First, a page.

Sunday, July 9, 2006

Anti-Semitism in Poland

Elie Wiesel's remarks on Jan T. Gross's new book, Fear: Anti-Semitism in Poland After Auschwitz (Book World, June 25), have prompted an intensive discussion in the Polish media. Among the many voices weighing in was that of Adam Michnik, editor in chief of the influential Polish daily Gazeta Wyborcza and a leading dissident in the past. I would like to quote a fragment of his article:

"Wiesel's review conveys the image of a country [Poland] unable to confront the plague of anti-Semitism. Several years ago, following the publication of Gross's book Neighbors about the destruction of a Jewish community in Jedwabne, Poland became the stage of a broad debate that was ignored neither by the Polish president nor the primate of the country's Catholic Church. There is probably no other country in East Central Europe that accounted for the dark chapters of its own history with such seriousness and honesty. That debate was as important as the publication of Gross's book. . . . Anyone who writes about anti-Semitism in Poland and ignores those facts, falsifies -- even if unintentionally -- the truth about Poland."

The debate that Michnik refers to has played a meaningful role in defining Poland's new identity as a democratic and modern nation that considers reconciliation with the Jewish people as its priority. In fact, even skeptics admit that Polish-Jewish dialogue has created a great deal of positive change and helped reconstitute a small but vibrant Jewish community in my country. It has also been instrumental in fostering close ties and friendship between Poland and the state of Israel.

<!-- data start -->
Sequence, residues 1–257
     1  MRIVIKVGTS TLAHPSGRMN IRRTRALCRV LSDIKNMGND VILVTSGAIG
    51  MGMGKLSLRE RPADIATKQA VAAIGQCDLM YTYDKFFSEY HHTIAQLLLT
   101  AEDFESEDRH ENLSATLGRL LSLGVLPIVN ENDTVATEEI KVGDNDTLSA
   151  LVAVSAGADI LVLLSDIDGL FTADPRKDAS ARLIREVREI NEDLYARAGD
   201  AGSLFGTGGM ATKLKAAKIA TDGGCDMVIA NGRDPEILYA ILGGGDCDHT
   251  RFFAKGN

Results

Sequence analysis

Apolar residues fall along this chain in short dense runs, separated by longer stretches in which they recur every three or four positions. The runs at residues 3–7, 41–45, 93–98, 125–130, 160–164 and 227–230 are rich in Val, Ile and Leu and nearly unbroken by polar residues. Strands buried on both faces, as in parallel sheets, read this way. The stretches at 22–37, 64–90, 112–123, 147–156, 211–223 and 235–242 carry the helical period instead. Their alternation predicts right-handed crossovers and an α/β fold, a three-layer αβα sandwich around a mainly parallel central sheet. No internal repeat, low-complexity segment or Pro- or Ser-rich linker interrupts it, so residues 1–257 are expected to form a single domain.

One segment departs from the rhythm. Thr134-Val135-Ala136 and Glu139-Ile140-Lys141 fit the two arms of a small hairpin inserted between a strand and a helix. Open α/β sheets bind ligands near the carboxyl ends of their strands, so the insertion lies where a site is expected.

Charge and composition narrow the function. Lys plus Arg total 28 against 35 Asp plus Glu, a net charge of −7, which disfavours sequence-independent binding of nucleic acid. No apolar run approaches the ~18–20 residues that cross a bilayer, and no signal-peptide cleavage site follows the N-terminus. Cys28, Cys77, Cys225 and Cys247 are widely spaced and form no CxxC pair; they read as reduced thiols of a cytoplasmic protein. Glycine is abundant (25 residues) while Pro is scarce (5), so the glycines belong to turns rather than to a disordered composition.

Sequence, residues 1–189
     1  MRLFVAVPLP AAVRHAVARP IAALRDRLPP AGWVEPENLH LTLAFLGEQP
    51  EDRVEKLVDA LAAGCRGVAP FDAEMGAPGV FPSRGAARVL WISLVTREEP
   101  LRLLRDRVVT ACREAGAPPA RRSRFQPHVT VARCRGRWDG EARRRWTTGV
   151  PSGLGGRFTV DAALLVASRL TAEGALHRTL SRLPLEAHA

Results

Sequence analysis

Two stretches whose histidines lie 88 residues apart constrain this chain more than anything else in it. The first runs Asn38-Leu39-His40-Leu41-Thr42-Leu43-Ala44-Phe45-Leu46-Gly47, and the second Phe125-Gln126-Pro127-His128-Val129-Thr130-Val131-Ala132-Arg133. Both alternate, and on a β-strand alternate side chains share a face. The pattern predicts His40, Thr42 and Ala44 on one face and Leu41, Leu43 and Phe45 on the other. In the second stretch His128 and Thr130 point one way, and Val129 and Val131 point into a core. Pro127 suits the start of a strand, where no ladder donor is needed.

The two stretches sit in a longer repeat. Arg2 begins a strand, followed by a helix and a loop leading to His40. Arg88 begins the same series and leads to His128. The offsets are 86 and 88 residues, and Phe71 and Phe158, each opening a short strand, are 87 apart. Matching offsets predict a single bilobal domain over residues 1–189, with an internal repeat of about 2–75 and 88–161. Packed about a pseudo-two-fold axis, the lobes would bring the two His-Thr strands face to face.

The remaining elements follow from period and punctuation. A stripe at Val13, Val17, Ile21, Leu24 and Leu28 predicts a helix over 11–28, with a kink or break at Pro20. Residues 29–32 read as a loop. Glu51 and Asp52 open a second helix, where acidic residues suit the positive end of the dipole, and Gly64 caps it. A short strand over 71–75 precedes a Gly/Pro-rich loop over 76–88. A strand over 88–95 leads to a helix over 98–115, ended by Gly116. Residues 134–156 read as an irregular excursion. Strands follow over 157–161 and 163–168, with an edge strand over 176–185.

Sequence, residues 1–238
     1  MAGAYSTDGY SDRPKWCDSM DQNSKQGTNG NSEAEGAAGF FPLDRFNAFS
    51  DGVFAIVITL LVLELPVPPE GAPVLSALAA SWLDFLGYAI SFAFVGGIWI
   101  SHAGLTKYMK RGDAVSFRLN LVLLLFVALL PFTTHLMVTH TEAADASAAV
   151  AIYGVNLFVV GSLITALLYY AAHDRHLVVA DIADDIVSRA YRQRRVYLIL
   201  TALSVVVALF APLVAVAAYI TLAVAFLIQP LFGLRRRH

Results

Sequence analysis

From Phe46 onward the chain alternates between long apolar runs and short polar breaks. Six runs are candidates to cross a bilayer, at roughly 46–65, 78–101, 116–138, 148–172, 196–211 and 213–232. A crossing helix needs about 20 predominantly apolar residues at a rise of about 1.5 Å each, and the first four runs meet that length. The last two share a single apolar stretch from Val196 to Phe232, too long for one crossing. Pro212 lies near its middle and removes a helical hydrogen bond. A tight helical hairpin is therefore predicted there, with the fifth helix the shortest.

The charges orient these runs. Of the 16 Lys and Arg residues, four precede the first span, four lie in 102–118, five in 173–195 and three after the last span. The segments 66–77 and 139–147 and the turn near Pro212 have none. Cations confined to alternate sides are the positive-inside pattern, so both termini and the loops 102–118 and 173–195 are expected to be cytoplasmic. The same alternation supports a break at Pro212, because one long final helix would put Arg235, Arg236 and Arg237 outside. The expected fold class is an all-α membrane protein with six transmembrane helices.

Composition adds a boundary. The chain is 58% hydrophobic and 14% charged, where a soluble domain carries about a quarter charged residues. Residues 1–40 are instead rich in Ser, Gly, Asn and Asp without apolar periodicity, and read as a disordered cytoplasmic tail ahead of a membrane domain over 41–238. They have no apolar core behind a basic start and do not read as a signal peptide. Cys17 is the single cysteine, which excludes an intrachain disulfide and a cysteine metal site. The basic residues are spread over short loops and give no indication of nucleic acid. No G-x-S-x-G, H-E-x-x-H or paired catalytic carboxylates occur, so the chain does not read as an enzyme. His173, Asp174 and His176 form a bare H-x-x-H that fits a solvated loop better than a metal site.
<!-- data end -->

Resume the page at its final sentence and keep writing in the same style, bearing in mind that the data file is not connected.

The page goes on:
To make it clear: The debate on Polish-Jewish relations will continue to be difficult, sometimes even painful. Gross's new book is likely to make a significant impact on it. However, there are at least two important conditions necessary to make this discussion effective. First, it would be unfortunate if instead of inspiring discussion about the historical ramifications of Polish-Jewish relations, Gross's book were misinterpreted to reinforce existing stereotypes and prejudices. Second, while probing history, we should strive to build a better future in the relations between Poles and Jews. I am convinced that this goal can and will be achieved, for the benefit of both nations.


Ambassador of Poland

Washington, D.C.

I know of no more eloquent or passionate writer than Elie Wiesel, and his review of Jan T. Gross's new Fear exemplifies his excellence of expression. In a relatively brief commentary, Wiesel does a laudable job of outlining for Americans the mostly unknown post-World War II history of Kielce, the site of a 1946 pogrom. However, it is not his account of the genocidal murder of the barely surviving Jewish remnant that is most frightening but his description in his first paragraph of "virulent, deplorable -- essentially antisemitic -- attacks" in the Polish press following Wiesel's 1996 speech commemorating the 50th anniversary of Kielce.

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